Institutional Shareholders and Corporate Governance
affiliation not provided to SSRN
February 25, 2010
Company and Securities Law Journal, Vol. 28, p. 235, 2010
This article explores the source and nature of the legal obligation, if any, of institutional shareholders to participate in corporate governance by exercising the voting rights attached to shares. While trustee shareholders must use their voting power in the interests of beneficiaries, this does not determine whether a vote should to be cast. Australian fiduciary law – which is proscriptive rather than prescriptive – is unlikely to impose such a duty to vote. Moreover, it seems unlikely that such a duty could be found within the language of s52 of the Superannuation Industry (Supervision) Act 1993 (Cth). Instead, the motivation for voting must be the collective interest of all institutional investors in promoting high standards of corporate governance. In this respect, this article revives a worthy but overlooked proposal for institutional shareholders to establish a list of professional, independent directors.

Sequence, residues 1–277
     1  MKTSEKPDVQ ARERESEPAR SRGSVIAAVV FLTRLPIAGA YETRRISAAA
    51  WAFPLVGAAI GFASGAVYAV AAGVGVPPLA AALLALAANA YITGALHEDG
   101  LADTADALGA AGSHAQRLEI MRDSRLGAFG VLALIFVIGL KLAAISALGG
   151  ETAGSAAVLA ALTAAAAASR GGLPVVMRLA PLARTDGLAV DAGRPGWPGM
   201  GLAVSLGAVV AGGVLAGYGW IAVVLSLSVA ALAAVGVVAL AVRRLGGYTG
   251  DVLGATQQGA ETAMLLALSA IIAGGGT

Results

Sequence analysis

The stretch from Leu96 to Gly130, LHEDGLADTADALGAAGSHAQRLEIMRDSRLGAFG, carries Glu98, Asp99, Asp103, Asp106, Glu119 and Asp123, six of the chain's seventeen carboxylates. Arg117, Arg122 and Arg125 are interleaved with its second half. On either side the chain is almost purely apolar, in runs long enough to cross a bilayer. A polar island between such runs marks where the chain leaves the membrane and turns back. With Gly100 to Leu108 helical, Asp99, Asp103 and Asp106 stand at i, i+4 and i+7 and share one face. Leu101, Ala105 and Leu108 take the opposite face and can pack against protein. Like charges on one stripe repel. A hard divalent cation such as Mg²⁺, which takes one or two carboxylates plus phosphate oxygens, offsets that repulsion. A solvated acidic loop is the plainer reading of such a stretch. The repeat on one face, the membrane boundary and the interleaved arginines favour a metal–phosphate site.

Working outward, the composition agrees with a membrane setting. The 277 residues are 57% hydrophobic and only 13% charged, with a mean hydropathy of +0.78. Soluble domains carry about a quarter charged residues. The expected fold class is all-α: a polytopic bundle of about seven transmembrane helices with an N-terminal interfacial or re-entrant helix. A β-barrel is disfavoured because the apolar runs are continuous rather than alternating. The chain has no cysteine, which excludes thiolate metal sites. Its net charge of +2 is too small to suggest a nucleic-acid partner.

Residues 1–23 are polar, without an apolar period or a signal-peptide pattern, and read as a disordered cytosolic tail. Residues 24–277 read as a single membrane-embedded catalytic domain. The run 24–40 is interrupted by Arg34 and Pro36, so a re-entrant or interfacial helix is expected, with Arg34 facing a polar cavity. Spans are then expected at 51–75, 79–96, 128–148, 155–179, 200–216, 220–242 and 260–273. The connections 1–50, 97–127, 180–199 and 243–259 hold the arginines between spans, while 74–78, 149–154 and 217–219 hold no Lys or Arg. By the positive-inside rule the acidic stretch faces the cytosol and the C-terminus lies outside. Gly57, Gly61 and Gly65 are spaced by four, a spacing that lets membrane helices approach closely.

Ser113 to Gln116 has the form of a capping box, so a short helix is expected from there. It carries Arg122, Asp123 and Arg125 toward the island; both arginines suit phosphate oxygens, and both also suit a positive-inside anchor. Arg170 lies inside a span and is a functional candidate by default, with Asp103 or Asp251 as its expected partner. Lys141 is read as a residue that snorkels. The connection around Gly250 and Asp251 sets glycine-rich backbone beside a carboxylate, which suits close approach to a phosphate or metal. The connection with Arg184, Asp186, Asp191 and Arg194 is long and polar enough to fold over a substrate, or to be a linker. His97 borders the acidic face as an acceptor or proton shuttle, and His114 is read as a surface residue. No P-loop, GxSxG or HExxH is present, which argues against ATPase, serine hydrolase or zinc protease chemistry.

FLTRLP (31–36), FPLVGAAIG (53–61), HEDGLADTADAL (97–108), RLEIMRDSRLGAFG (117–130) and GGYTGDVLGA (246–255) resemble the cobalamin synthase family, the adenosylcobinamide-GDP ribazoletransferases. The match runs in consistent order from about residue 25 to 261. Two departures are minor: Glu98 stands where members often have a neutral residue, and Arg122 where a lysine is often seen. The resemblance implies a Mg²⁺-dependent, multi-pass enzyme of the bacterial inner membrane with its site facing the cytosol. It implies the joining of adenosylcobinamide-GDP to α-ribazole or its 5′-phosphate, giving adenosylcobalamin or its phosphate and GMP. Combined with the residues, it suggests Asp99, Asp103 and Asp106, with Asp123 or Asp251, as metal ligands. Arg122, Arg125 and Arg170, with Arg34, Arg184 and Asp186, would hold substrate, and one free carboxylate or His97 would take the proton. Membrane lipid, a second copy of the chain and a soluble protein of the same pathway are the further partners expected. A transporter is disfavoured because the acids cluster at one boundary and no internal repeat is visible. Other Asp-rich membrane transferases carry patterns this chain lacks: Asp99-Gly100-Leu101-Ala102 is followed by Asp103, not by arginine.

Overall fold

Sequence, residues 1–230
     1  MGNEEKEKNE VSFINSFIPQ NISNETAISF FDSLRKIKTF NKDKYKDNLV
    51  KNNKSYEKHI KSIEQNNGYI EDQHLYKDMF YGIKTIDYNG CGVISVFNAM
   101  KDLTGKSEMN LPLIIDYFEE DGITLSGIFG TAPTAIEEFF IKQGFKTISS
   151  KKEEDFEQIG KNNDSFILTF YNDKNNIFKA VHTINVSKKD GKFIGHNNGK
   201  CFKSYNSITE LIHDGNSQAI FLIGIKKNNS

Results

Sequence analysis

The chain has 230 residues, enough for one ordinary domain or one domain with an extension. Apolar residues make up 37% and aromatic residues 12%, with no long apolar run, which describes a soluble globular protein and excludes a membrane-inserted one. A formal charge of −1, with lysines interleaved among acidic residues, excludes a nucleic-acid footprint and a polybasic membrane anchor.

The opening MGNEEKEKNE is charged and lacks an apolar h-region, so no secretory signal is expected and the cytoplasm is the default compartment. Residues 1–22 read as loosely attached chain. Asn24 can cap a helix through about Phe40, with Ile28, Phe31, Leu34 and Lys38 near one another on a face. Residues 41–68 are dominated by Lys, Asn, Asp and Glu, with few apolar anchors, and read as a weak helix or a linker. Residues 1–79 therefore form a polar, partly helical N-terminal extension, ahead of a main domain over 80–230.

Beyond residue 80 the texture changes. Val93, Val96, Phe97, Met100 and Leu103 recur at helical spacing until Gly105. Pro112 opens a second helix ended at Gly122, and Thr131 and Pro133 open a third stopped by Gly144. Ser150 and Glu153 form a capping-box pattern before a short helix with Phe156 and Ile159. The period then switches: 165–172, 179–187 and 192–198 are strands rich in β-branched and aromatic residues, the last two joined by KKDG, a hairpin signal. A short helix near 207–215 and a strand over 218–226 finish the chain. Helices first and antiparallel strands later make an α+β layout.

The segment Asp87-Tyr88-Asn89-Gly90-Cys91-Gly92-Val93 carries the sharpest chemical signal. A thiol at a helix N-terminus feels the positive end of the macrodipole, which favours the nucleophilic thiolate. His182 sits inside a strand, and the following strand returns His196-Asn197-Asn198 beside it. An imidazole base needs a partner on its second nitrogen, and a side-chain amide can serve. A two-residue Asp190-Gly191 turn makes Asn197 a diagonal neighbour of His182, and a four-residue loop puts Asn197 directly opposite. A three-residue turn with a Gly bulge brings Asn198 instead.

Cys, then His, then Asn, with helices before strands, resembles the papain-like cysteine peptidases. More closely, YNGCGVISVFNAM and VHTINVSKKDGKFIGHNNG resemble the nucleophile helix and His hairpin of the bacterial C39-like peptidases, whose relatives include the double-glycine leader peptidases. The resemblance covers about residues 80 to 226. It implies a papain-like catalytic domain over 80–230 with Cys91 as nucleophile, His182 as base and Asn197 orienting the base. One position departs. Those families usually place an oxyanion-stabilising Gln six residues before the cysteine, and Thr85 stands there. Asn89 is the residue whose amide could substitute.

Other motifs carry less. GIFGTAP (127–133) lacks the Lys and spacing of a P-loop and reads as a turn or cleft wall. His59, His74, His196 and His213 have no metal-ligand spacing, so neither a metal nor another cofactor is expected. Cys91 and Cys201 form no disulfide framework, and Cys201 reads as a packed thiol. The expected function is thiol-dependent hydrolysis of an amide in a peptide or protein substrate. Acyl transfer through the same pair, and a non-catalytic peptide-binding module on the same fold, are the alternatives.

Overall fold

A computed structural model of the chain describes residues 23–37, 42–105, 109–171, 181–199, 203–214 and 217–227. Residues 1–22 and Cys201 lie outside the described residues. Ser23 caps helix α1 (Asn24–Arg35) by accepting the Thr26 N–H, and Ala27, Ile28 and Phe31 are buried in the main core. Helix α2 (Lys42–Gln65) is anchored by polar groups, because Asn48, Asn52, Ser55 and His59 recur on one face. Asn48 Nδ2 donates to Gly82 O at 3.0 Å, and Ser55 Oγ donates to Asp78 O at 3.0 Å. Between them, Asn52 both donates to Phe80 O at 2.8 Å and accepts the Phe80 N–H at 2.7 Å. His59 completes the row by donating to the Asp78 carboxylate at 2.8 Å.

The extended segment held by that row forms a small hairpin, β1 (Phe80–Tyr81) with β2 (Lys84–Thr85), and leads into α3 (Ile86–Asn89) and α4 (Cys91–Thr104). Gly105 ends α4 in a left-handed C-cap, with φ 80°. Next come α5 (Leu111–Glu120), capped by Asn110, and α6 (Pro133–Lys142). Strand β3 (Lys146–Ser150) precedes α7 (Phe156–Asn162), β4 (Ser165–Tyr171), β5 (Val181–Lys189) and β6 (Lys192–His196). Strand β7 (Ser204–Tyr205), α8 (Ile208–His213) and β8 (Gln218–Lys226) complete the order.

Number of Pages in PDF File: 24Accepted Paper Series
Date posted: April 5, 2011
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